Chapter 10: Interlocked Artificial Photosynthetic Model Systems Composed of Electron-Donor and Fullerene Units
Published:31 Oct 2011
Special Collection: 2011 ebook collection , 2011 ebook collection , 2011-2015 materials and nanoscience subject collectionSeries: Nanoscience & Nanotechnology
J. D. Megiatto, Jr. and D. I. Schuster, in Fullerenes: Principles and Applications, ed. F. Langa De La Puente and J. Nierengarten, The Royal Society of Chemistry, 2nd edn, 2011, ch. 10, pp. 354-385.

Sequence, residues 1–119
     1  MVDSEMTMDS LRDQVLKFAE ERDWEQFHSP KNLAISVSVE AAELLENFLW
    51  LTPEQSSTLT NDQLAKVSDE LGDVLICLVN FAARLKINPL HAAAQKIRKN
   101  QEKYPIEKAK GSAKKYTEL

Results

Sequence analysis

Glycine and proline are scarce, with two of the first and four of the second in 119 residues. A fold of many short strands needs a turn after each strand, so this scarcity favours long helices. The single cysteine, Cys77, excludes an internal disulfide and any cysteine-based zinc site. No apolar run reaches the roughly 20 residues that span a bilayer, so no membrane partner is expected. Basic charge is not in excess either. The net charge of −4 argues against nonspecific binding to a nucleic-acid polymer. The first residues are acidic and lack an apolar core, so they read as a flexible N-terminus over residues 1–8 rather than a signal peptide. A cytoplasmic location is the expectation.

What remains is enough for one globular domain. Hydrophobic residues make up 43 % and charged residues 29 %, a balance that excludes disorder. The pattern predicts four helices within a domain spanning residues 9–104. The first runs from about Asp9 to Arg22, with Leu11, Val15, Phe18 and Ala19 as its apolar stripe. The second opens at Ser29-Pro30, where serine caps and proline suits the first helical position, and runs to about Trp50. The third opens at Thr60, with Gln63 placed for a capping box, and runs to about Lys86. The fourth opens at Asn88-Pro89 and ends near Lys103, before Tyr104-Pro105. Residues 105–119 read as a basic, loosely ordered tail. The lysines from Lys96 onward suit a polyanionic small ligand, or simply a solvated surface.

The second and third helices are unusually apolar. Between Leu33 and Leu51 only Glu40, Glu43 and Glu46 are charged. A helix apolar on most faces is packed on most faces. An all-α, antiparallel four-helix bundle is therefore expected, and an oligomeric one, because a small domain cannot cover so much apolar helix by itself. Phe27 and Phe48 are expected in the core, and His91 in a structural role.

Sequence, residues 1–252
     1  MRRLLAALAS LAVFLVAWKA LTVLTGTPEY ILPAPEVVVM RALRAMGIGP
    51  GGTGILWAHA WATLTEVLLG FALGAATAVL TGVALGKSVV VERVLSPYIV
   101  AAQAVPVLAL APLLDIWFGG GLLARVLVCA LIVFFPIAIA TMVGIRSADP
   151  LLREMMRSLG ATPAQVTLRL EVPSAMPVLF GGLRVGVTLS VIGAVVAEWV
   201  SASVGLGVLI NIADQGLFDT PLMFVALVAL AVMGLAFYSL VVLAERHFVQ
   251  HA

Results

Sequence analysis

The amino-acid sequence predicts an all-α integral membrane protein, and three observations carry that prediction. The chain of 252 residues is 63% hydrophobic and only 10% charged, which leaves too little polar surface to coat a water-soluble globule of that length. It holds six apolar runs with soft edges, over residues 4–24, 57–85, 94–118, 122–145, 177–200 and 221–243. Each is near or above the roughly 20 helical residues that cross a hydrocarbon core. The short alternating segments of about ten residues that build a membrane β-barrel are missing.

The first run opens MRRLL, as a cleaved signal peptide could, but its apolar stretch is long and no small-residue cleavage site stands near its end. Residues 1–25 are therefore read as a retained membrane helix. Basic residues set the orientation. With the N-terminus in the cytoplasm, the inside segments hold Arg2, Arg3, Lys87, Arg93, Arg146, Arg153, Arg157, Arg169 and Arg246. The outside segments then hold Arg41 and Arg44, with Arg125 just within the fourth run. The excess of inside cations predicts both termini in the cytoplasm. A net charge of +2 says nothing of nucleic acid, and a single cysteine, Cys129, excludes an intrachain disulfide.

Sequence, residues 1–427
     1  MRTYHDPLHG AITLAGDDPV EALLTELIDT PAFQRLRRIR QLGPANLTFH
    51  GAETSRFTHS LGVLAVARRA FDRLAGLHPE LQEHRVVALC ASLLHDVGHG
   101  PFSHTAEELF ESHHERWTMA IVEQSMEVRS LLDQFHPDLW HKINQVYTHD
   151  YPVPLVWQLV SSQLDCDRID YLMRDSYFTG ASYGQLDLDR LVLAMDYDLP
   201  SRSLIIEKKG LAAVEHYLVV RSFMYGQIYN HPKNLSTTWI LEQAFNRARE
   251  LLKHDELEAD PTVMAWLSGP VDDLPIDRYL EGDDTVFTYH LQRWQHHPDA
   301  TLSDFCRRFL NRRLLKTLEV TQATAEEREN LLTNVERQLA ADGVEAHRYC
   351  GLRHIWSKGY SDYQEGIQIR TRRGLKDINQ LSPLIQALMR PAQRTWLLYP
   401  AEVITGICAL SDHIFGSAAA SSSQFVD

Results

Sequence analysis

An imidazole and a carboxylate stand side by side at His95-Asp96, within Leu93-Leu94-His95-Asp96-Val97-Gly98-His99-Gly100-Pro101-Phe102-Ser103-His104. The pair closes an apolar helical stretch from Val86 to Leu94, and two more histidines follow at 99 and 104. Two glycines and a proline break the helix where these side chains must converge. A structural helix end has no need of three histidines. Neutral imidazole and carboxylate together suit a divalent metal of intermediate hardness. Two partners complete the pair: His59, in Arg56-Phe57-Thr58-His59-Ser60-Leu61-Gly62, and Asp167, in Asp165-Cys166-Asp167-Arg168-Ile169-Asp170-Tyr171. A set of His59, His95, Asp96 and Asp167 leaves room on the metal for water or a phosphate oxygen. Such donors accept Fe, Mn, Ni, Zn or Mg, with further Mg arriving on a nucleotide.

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This chapter summarises the work carried out in the past 15 years on the synthesis and photophysical properties of organic photosynthetic model systems in which electron-donor groups are mechanically linked to fullerenes, usually fullerene (C60), in topologically diverse interlocked architectures. The chapter focuses particularly on rotaxanes, in which a chain with bulky end groups passes through a macrocyclic ring, and catenanes, with two or more interlocked rings. The special techniques used for efficient synthesis of these large supramolecular systems involves molecular recognition and self-assembly based on hydrogen bonding, π–π interactions, and coordination to metal cations, most importantly Cu+. The goal of research in this area has been to manipulate interlocked organic structures through synthesis so as to maximise the lifetimes of charge-separated states produced upon excitation using light corresponding to the solar spectrum. The ways in which interlocked systems can be structurally manipulated using external stimuli so as to alter positions of noncovalently linked electron-donor (D) and electron-acceptor (A) groups will be described, including shuttle motions in D–A rotaxanes. While much of the discussion concerns rotaxanes with a C60 moiety, for which numerous synthetic protocols have been developed, the last section focuses on D–A catenanes containing C60, which are much more challenging synthetic targets. It has recently been demonstrated that photoinduced electron transfer takes place in a zinc(II)porphyrin-C60 catenane through an intervening Cu(I) complex that was used to assemble the system, to generate a charge-separated state whose lifetime is in the microsecond time domain.